Emmett Till Murder Explored Via World of Genocide Conference

World Without Genocide at William Mitchell College of Law and Penumbra Theatre will sponsor a workshop examining key issues for African Americans since the murder of a black teenager by two white men in Mississippi inspired the Civil Rights movement nearly 60 years ago.
Funeral of Emmett Till“The Murder of Emmett Till: Beyond the Legacy” will be held from 4 to 7 pm Saturday, Feb. 8 at the Penumbra Theatre (270 North Kent St) and will be followed by a performance of The Ballad of Emmett Till at 7:30 pm.
In the summer of 1955 in Tallahatchie County, Mississippi, Emmett Till, a black teen-ager visiting from Chicago, was brutally killed by two white men for ‘flirting’ with a white woman.  The two men accused of his murder were tried and acquitted.  They subsequently confessed once they could no longer be convicted of the crime.
The case became the impetus for the Civil Rights movement, inspiring Rosa Parks and the bus boycott, the integration of Little Rock Central High School, the passage of the 1957 Civil Rights Act, and Mississippi Freedom Summer’s 1964 voter registration drive.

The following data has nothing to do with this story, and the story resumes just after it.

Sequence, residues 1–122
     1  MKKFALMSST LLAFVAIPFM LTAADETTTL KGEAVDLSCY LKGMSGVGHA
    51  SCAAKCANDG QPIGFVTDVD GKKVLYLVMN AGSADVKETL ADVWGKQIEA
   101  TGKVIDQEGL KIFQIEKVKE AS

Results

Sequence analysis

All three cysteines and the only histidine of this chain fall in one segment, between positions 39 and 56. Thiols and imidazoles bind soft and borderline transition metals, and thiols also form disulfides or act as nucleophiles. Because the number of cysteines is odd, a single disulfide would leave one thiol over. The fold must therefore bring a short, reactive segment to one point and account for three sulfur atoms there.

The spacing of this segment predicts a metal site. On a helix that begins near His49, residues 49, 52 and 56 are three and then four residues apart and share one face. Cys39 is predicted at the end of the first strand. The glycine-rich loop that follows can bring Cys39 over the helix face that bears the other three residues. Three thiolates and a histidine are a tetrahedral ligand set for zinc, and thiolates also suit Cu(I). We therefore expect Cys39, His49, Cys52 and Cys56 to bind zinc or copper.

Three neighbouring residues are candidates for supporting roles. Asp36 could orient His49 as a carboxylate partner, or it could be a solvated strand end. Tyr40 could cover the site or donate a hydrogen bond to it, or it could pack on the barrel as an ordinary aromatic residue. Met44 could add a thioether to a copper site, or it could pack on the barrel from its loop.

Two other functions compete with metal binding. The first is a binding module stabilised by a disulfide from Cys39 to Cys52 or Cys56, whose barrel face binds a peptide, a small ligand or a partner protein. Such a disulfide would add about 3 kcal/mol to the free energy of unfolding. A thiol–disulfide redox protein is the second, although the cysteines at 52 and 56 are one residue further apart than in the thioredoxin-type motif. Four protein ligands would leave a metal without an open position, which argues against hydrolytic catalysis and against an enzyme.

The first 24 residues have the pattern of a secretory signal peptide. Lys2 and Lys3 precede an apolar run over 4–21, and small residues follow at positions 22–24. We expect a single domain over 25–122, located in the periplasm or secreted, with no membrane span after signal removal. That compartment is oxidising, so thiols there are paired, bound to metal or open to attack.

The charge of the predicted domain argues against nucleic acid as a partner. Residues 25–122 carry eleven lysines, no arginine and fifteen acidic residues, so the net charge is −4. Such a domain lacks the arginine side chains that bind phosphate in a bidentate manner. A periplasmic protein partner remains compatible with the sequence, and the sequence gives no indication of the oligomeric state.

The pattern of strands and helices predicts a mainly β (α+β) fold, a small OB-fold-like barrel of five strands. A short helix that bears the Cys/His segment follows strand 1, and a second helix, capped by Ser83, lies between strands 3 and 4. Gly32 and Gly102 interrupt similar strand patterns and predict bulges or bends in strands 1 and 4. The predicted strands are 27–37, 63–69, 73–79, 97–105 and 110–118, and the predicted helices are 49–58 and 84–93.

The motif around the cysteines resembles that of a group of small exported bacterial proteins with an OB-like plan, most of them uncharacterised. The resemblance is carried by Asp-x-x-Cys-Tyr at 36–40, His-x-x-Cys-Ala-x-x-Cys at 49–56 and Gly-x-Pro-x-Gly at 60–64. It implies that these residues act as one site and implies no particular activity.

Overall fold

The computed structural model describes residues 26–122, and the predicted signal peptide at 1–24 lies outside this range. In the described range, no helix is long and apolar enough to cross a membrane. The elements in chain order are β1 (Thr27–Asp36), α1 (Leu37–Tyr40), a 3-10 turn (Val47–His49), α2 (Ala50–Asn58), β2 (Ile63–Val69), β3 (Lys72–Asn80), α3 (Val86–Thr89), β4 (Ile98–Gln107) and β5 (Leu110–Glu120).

Emmett Till’s legacy has become part of America’s consciousness and conscience about civil rights.
Presenters at the workshop will include:
  • Dr. Keith Mayes, professor of African American and African studies at the University of Minnesota speaking on African-American policy and civil rights
  • Nekima Levy-Pounds, law professor at the University of St. Thomas, on civil rights law in the past 60 years
  • Sarah Bellamy, associate artistic director at Penumbra Theatre, on art and social justice
  • Sarah Walker, public policy leader, on the legacy from Emmitt Till to Trayvon Martin
  • Dr. Ellen Kennedy, World Without Genocide at William Mitchell College of Law, on efforts to have the treatment of African Americans declared ‘genocide.’
Co-sponsors are the William Mitchell College of Law Office of Multicultural Affairs, Minneapolis Public Schools Office of Equity & Diversity, and the St. Paul Department of Human Rights.
The workshop is open to the public. Registration is required by Jan. 24  Fees are $40 for adults, $25 for students, and $80 for lawyers (2.5 Elimination of Bias CLE credits pending); this includes the workshop, dinner, and ticket to the performance.  Limited student scholarships are available; contact